The next morning, our hosts wouldn't let Heather plug in her hair dryer (I had charged my camcorder surreptitiously!) and they looked at my curling iron like it was a device from Star Trek. The girl walked us to the castle, where the choir was rehearsing — about a mile or two. That afternoon, we were supposed to spend time with her – per the Szczecin choir's schedule – but she had to go to classes and work, so we holed up at the chor house for the day with the lucky Lyco kids who were being housed there.
She also didn't have time to come to the concert and party that night, and her boyfriend made arrangements for another host to bring us back to the tenement. We didn't get back until 2 a.m., because our ride didn't want to leave the party until late. We also got lost on the way back to our host's apartment, partly because nobody knew exactly where they lived (including us) and they didn't have a phone.
When we made it to the tenement, everything was pitch black, especially in the stairwell. Marcus Myers and Trevor Loehr walked us up, but I think they were more scared than we were! Our hosts had been in bed for hours, and were obviously annoyed that we had returned so late — even though it was their fault for leaving us at the mercy of another driver. We went straight to bed. Because of the seven locks on the door, we couldn't get to the hall toilet during the night — and we were full of Polish beer.
The next morning it was time to go to the bus and leave Poland. We were absolutely ecstastic when our hosts got us to a taxi to take us back to the chor house. I remember Heather saying "It's finally over!"
But it wasn't. The taxi driver, who only spoke Polish, hadn't understood where our hosts had told him to take us, and we ended up at a school far outside of the city. We tried to sing to him and use sign language to let him know we wanted to go to the "chor house," but it just didn't work.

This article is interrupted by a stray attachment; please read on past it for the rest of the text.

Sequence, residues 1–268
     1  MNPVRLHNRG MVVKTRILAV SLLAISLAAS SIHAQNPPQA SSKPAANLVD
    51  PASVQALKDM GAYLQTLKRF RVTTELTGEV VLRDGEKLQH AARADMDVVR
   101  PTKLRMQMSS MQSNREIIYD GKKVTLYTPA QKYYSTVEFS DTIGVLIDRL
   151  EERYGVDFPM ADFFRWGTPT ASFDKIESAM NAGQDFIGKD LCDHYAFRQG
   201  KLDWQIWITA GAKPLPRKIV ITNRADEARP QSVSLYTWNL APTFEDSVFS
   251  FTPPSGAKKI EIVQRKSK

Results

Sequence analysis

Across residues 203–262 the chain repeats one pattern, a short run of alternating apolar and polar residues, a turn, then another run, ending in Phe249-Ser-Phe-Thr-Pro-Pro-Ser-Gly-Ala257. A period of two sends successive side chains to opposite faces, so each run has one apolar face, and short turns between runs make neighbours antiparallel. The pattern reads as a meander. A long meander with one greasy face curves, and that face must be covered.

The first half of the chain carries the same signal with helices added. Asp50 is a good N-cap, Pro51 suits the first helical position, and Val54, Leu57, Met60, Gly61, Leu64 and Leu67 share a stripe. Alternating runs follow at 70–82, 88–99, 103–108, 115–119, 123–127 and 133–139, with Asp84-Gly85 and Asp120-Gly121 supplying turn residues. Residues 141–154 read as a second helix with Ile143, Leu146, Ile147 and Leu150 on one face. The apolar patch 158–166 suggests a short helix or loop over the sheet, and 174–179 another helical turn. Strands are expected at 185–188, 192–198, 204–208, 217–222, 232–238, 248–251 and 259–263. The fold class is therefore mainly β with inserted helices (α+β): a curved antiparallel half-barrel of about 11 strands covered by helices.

For some reason, he took us to the castle, where we had performed the night before. Heather and I got out there, hoping to find someone in the castle who spoke English. At this point, we were already about 30 minutes late for the bus, and we couldn't help but think that Fred had our passports, and if the choir left, we would be stuck in Poland! Heather was crying hysterically and I started yelling at her, "We have to keep going! We don't have a choice! " In retrospect, that bout of hysteria as we walked into the castle is quite amusing.
Luckily, the castle's director spoke English, and he shipped us out to a van driver, who took us to the chor house. We jumped out of the van and hugged Fred, crying and crying. The nightmare had ended. And now, it makes a great story to tell all our friends — but it definitely left a bad taste in our mouths about Poland.
Story amendment, 2014: Looking back at this tale now, almost 20 years later, I realize that our take on this experience does smack of "first world problems." But keep in mind, we were two 21-year-olds in Europe for the first time. That first night, we had no way to reach Fred or anyone (this experience far predated widespread cellphones!), we didn't have our passports, and the apartment did not seem to be in a safe neighborhood (to say the least!). And while I can sympathize with our host's living situation, the fact is that she did not seem to have much interest in hosting us during the two days we were there. She didn't seem to realize basics that were expected: providing a meal, shower facilities, and transportation to and from the concert site, just to state the obvious. These are not unreasonable expectations of a host. (I should mention that none of the other tour members seemed to have this same experience in Szczecin.) Wherever she is today, I hope she is doing well.
Early to Rise
Heather Myers, 1999
On Spring Break Tour 1999 (somewhere in Michigan). Susie Covert, Remi Mawokomatanda, Jenn Snyder, and I were staying together. Remi and I were in one room and Susie and Jenn were down the hall. I woke up, and since there was no clock in our room, I checked my watch. It was 6:10 a.m., and since we were getting up at 6:15 and I was first to shower, I got up. I showered, dressed, did hair, etc. and then went to wake Jenn. She went to shower. I turned the light on in the hallway and glanced at my watch. It was 3:15 a.m.! In the dark, I had mistaken 2:30 for 6:10. Jenn and I both went back to bed and got up 3 hours later! Needless to say, I stayed in bed until the alarm went off the rest of the tour!